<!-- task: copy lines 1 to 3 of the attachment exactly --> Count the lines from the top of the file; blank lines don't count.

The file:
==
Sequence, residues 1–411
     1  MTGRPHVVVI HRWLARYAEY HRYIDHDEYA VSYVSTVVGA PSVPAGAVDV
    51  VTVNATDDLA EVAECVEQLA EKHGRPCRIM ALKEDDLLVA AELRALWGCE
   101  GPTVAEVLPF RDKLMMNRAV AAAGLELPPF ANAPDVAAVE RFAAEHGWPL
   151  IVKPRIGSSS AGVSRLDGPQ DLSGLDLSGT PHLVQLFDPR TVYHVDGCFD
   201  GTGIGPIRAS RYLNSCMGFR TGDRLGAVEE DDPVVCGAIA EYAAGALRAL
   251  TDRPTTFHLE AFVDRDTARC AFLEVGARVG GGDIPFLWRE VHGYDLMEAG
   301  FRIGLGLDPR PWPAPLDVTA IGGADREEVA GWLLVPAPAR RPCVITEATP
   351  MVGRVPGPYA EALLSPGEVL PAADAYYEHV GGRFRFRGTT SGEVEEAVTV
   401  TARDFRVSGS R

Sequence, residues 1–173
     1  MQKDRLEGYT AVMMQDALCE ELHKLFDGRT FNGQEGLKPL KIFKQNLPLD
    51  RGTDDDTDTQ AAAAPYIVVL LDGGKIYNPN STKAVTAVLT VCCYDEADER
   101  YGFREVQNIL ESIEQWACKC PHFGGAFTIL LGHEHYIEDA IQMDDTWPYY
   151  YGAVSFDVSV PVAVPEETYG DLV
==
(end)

Sequence, residues 1–411
     1  MTGRPHVVVI HRWLARYAEY HRYIDHDEYA VSYVSTVVGA PSVPAGAVDV
    51  VTVNATDDLA EVAECVEQLA EKHGRPCRIM ALKEDDLLVA AELRALWGCE